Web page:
The MCI stage due to Alzheimer’s disease in the past was identified as the period of transition between physiological age-related cognitive changes and early changes of dementia. Individuals with MCI have mild deficits in one or more cognitive domains, often the memory, which does not cause impaired ability to perform activities of daily living, nor deterioration of the social and job performance in the absence of other medical conditions that may explain the disorder.
The estimated conversion rate of dementia varies enormously, in fact it goes from 10-15% per year up to 20-50% in 2-3 years according to the clinical criteria and neuropsychological evaluations more or less accurate used for the selection of patients.

However, not all patients with MCI convert to dementia. Some studies, in fact, report that about 60% of these patients remain cognitively stable over a period of about 2-3 years. In other studies however it was determined that 40% of MCI subjects returned cognitively normal at follow up. Among other cognitive decline, it is more likely in people with memory impairment (MCI amnesic) than those without memory involvement (not amnesic MCI) and patients suffering from a multiple-domain MCI compared to patients with amnestic MCI.
The stage dementia due to MA is characterized by impairment of memory, thinking, behavior that compromise the performance of activities of daily living. It is possible to distinguish a stage in mild, moderate and severe stage. According to these new guidelines, we can say that the patient’s case described before was seen for the first time when the disease was in the stage of mild cognitive impairment due to Alzheimer’s disease.
The success of the long-term of disease (17 years) was definitely due to the diagnosis made at an early stage of the disease. This was possible, first of all, because the patient underwent a careful medical history, targeted to the search of family predisposition, exposure to risk factors and clinical conditions that could favor the onset of MA, and secondly, because the patient was administered an enlarged battery of psychometric tests. In fact, compared with a MMSE score within normal limits, some tests used to study different cognitive domains resulted in deficit (episodically memory-Rey test, planning-clock drawing test, constructive praxis-cube test). Also already brain MRI in 1997 showed alterations in cortical structure of the parietal lobes.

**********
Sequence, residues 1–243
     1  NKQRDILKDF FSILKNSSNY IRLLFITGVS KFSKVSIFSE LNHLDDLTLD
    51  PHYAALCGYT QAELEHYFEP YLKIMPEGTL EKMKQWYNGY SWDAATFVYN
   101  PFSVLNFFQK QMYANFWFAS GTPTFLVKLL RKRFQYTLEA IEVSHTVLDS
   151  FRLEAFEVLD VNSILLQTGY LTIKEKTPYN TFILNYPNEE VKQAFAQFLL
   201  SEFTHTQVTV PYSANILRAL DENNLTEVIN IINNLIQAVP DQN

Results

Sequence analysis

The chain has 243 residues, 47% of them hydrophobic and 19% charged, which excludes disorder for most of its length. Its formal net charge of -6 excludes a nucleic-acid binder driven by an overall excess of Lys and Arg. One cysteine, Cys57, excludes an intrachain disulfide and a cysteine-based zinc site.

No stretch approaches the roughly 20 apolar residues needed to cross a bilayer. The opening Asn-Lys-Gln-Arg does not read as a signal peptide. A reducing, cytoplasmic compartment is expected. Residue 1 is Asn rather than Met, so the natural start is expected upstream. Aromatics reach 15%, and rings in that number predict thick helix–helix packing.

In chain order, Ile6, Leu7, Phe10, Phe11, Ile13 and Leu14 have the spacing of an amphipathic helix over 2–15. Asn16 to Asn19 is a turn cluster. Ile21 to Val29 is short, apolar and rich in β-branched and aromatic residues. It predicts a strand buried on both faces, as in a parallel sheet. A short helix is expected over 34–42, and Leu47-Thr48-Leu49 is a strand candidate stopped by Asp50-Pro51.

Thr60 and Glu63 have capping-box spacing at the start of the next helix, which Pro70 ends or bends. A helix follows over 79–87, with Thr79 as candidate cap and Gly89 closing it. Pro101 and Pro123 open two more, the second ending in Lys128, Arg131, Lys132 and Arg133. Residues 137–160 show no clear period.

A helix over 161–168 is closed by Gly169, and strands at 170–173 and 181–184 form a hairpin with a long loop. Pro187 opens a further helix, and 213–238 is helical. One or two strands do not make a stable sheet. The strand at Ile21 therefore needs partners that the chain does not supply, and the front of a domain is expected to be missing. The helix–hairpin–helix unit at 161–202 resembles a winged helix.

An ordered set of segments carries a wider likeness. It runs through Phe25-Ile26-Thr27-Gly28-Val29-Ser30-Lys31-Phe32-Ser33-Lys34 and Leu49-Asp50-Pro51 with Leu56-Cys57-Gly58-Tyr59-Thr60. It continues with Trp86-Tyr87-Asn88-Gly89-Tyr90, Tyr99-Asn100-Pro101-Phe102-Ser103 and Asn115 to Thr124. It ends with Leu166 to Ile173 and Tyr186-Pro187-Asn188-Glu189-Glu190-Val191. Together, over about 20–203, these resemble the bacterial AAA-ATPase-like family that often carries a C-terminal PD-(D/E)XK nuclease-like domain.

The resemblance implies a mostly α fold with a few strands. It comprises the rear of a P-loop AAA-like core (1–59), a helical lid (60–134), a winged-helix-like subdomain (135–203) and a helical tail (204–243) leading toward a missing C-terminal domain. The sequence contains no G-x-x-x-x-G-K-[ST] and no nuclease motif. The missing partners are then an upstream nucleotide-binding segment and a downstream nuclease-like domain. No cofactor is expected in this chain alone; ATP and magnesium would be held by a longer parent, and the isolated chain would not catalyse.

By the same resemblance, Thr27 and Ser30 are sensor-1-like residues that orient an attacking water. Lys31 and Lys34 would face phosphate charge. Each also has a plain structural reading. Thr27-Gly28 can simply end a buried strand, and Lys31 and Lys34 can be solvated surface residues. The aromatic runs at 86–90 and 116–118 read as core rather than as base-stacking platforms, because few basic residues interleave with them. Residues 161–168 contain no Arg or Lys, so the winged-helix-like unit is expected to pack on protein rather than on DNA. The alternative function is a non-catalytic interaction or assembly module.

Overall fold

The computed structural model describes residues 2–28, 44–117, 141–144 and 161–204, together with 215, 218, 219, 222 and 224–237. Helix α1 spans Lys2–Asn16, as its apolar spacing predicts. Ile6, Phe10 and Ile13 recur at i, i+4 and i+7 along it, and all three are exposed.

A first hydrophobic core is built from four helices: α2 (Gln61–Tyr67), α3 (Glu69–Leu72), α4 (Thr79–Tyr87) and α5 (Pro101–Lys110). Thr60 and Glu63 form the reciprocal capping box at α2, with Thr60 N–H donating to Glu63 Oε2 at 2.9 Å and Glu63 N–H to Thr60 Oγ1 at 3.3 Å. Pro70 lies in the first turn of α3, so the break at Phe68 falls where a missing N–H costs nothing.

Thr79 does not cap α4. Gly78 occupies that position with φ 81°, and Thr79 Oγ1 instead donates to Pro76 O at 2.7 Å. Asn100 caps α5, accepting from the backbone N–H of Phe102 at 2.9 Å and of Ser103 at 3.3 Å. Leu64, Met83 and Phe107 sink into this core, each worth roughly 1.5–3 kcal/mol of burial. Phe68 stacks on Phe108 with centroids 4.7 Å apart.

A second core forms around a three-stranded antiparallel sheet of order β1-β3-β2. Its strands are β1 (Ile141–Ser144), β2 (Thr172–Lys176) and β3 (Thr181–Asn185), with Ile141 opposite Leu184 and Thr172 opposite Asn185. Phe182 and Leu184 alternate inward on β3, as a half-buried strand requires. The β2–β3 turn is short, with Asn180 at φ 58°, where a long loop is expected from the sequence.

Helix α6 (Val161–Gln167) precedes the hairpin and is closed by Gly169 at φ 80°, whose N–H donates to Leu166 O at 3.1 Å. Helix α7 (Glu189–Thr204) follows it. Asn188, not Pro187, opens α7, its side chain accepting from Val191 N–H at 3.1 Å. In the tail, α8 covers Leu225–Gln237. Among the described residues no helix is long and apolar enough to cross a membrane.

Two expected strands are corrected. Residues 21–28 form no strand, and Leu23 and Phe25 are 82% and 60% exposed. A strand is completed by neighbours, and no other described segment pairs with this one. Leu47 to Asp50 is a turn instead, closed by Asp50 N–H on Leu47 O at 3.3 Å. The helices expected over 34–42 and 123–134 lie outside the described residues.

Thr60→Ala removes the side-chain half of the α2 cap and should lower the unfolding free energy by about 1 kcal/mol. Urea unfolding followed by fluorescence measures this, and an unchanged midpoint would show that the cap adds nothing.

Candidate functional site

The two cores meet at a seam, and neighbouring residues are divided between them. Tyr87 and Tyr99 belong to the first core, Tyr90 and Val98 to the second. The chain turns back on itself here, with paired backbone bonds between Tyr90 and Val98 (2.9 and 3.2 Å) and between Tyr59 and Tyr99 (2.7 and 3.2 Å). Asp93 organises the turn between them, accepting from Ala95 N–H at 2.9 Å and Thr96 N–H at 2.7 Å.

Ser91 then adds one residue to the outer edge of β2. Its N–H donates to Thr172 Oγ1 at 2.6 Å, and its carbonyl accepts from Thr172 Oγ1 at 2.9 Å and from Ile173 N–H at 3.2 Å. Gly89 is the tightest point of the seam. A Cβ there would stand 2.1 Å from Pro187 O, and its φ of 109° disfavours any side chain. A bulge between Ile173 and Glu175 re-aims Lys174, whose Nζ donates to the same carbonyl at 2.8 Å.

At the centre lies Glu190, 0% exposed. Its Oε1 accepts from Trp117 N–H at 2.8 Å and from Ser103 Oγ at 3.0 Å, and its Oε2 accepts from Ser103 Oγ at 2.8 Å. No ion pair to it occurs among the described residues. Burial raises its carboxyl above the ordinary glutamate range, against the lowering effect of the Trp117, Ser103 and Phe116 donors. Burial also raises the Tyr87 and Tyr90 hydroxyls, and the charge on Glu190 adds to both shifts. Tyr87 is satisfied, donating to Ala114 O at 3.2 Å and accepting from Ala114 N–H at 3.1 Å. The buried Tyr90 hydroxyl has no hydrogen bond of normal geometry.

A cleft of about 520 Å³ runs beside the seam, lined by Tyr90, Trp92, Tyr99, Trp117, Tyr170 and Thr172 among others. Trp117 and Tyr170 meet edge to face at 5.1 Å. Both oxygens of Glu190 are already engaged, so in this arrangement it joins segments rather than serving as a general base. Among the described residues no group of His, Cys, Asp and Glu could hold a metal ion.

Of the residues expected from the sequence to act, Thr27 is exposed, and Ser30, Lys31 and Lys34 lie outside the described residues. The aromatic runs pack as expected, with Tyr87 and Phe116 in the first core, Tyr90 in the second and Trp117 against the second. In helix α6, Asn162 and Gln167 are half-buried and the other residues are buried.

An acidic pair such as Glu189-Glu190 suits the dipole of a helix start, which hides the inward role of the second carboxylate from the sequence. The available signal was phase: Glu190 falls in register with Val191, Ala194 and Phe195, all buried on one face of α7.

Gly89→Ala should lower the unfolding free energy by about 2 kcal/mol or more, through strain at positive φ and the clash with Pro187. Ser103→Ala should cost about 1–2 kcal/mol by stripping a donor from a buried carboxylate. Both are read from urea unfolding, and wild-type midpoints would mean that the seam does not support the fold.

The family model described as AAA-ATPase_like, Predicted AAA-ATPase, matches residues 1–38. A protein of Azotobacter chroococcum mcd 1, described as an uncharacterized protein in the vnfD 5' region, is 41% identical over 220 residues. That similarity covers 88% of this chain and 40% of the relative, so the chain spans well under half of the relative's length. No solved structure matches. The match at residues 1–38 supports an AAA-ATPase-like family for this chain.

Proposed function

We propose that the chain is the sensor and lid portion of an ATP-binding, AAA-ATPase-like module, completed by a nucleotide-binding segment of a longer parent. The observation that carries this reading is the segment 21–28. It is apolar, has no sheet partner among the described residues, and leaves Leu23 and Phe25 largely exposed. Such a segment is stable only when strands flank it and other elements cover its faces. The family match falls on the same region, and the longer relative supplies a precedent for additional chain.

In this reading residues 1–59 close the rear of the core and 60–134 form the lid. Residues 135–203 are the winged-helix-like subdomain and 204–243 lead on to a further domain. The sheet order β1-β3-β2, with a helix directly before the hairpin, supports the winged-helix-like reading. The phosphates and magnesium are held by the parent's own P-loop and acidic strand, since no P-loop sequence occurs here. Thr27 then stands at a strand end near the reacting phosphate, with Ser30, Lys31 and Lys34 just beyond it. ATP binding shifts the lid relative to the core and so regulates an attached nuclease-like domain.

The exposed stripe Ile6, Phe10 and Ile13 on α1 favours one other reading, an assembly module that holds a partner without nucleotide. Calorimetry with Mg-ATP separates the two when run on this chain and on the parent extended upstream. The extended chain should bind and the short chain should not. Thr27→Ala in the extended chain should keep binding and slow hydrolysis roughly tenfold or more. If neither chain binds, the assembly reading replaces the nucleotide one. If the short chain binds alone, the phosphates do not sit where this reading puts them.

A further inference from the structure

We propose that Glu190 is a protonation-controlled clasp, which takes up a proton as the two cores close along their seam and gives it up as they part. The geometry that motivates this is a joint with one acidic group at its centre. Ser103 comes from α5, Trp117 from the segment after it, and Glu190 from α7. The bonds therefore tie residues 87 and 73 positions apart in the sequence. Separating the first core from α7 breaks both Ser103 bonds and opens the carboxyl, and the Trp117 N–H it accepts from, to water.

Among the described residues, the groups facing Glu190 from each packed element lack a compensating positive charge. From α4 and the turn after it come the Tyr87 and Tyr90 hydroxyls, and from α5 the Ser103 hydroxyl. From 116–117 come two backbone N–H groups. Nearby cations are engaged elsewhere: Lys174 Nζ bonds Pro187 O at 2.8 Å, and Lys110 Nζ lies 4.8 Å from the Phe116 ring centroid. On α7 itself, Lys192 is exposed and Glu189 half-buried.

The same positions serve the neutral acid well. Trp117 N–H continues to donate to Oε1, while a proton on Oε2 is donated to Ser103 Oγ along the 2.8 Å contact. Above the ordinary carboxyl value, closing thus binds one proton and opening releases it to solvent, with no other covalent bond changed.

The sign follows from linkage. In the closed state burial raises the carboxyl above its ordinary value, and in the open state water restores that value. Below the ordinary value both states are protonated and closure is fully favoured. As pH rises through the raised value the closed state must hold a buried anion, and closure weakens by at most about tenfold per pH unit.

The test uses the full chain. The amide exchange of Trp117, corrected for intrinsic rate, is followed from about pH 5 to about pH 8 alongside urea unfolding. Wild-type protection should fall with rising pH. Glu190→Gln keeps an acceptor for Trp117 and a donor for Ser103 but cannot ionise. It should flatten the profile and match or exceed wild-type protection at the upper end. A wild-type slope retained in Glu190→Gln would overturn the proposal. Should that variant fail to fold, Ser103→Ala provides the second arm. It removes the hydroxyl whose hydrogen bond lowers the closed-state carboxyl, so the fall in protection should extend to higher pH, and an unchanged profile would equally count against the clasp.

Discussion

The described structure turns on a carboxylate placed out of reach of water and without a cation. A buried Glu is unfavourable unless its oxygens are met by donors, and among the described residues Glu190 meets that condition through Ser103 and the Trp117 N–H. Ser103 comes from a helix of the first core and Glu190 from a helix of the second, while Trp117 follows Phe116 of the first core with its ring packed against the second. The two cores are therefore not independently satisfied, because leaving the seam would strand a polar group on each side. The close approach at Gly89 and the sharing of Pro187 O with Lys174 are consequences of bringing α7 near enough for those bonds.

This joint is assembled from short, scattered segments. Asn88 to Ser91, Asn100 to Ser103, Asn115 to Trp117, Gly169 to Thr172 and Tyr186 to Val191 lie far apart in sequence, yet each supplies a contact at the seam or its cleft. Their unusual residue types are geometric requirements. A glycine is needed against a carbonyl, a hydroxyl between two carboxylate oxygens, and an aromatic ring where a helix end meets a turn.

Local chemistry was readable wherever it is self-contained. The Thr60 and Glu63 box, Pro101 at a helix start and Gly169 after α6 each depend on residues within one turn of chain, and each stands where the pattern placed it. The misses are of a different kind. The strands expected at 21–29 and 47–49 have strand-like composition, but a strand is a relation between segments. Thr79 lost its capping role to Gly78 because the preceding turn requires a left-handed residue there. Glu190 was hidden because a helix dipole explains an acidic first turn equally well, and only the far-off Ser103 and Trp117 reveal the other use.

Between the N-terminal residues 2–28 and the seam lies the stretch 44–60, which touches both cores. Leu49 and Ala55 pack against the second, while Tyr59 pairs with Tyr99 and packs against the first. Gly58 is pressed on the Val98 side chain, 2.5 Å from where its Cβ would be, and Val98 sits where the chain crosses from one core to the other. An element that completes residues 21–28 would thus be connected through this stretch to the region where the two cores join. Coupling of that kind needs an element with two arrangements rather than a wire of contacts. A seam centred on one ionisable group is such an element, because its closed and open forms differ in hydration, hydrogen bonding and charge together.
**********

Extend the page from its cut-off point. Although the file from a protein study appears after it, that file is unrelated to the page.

The long duration of the disease was also permitted by the excellent management of the associated pathologies that as in all elderly patients may create difficulties. An early diagnosis of MA has allowed the equally early treatment, although numerous studies and meta-analyzes demonstrate that the use of acetylcholinesterase
inhibitors are not useful in preventing the conversion of MCI to Alzheimer’s disease. The patient immediately began to take Donepezil 5 mg/day paying totally pharmaceutical expenditure and only after the inclusion in the project CRONOS the medication was dispensed by the National Health System. Essential for
maintaining long-cognitive function was also demonstrated neurocognitive therapy performed by the patient’s husband until 2007.
In conclusion, this case report shows us that an early diagnosis can allow the patient with Alzheimer’s disease long survival. Early diagnosis should be made with an accurate medical history, with the aid of a battery of psychometric tests that assess more cognitive areas, the use of neuroimaging (PET, SPECT, MRI, CT) and the identification of any coexisting pathological conditions and their treatment. The diagnosis should be followed by a neuropsychological rehabilitation and treatment with medication as soon as possible.